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And for the next 10 minutes, I am all his.

I try not to contemplate over how I got here and who I’ve become. I am who I am, and there’s nothing I can do. Sometimes, when I have courage to reflect, I feel utter shame and revulsion for my existence and for the things I do…and regretfully did. I’m alone, I have no one, no family, no community to seek acceptance. Occasionally, I do find comfort in knowing that my circumstances leave me no choice. But please, Allah, I ask you to not remind me of the past, my foolish youth, my simple, more pleasant life. I know…I know my wrongdoings. Yet all I did was love- too much love I suppose. So much that was blind to the deception that came forth and stripped me of my dignity…disowned from my identity. Oh Allah, I ask you to give me the strength to abandon these harsh memories, for they are unbearable…

I’m sitting in the showroom right now, 10 pm, and business is just about to boom. The room is enclosed with mirrors and pearly white tiles. Girls are teeming in, some young, some old, some fair, some tall, a whole variety. The fluorescent lights are beaming, brightening all our faces in an eerie glow. The room is almost too white to bear, but critical for our appearance. I chose to wear my black skirt and shirt ornamented with crystals.  My hair is pulled back to reveal my silver hoop earrings. I made sure to wear my bright red lipstick glazed with a bit of gloss-it’s my secret charm to so many clients. I hear the jingling of a nupur (anklet)-oh, it’s Shahida walking in! She looks flushed, ah, must’ve been with a persistent client. She gives me a grin, and gently flips out a hefty 500 taka bill and says,“It’s from Bilal. He’s been coming for me every week. The black garment market pays him well…” I playfully kick her in the shin, but it’s true, Bilal has been keen on spending  his nights with her…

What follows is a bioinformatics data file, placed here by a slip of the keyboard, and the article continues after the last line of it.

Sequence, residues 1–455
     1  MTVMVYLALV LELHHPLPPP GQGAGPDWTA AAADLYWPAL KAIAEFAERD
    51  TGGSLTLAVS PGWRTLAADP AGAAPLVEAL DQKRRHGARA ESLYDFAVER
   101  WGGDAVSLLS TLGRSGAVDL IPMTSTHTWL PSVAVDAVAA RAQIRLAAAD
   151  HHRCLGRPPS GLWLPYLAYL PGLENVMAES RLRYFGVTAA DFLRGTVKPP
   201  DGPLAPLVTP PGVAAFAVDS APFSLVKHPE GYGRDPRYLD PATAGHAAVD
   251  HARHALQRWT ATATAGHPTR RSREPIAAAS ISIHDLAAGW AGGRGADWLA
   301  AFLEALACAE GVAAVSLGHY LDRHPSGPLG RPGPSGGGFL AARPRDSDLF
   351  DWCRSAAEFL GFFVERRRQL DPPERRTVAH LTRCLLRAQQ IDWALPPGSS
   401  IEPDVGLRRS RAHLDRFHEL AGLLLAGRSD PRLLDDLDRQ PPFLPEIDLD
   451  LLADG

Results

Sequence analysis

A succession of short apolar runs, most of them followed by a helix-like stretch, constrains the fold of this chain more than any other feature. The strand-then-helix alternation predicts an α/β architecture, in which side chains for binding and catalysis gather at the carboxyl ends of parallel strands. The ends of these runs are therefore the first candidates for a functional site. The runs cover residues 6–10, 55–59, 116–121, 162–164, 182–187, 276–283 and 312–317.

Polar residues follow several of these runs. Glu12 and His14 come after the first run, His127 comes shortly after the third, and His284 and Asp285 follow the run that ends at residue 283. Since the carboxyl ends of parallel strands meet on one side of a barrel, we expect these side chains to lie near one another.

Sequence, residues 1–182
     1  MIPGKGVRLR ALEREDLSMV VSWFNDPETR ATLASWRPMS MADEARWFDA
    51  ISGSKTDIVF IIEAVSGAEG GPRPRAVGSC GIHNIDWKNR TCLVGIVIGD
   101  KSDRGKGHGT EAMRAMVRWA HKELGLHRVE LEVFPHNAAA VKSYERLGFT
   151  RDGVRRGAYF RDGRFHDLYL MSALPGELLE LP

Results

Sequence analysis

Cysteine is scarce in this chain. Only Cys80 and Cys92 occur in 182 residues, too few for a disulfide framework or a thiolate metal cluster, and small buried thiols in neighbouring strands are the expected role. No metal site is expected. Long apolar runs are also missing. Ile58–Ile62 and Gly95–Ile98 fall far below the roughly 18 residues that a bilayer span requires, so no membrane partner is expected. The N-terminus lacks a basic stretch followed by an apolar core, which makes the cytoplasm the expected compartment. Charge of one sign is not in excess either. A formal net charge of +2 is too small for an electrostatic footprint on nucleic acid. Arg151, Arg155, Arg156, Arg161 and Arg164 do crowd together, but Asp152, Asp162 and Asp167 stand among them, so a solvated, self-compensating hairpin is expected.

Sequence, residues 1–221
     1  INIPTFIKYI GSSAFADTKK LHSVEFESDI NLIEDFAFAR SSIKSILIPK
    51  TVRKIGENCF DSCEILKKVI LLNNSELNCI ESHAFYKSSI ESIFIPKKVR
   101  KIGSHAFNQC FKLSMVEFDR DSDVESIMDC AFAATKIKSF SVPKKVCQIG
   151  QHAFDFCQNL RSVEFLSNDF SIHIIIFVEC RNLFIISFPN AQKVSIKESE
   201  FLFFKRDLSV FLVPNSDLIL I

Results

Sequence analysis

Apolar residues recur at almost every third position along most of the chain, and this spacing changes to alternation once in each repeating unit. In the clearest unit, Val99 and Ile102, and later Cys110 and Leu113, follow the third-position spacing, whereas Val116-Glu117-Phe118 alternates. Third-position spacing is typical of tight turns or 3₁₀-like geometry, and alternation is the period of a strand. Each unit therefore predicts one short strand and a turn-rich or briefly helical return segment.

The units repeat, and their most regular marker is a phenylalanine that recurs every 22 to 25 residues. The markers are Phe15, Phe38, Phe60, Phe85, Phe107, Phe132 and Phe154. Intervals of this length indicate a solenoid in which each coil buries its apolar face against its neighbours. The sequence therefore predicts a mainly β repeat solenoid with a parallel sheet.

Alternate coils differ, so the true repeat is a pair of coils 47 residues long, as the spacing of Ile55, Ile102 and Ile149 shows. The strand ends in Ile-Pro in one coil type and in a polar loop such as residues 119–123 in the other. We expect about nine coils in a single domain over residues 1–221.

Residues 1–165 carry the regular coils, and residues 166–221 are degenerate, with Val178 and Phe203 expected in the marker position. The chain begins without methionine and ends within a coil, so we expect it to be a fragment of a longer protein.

I notice a man walking by. Young man, no older than 25 wearing a red shirt and black pants, cigarette in his right hand. Judging from his looks, must be a local cab driver. He’s speaking with the hotel manager…obviously negotiating prices. He doesn’t seem pleased…but now he’s nodding in agreement. I see him drawing bills from his pocket… 100 taka…200 taka…300 taka…400 taka…oh my! The hotel manager gestures him to the glass window of our room. He peers inside, examining each and every one of us…I suppose imagining the possibilities. One by one…one by one. His gaze pauses at the girl next to me-a skinny, flat-chested 13 year-old. He couldn’t possibly want that unattractive rat! But wait-his eyes are now on me! I adjust my posture so he can perceive a clearer view. He stares. Keeps staring…is he alright? His eyes haven’t faltered! Seconds pass, and I notice an ever so slight nod towards to hotel manager, but his eyes remain fixed. The manager wastes no time in his response. He opens the door, looks at me, and points his thumb out the door. “Room 23!”, he shouts. I hastily snatch a few condoms and a packet of lubricant I picked up from the local health center earlier this morning. I’m out the door.

He’s following me down the hall, I can hear his breath and virtually feel his eyes following my spine. Our room is down the hall to the left, just a few meters to go. I quietly slip a condom in his hand. He has 10 minutes with me, and I know he won’t want to waste a moment. A couple more feet to go…I see a cleaner picking up loose condom and lubricant packets from room 20…

We’ve arrived at room 23. A standard room: one bed, one bathroom, and one light bulb illuminating the stained brown walls. Our shadows slip in, silently shifting in the flickering pale yellow gloom. He shuts the door and I feel his hand slip up my neck.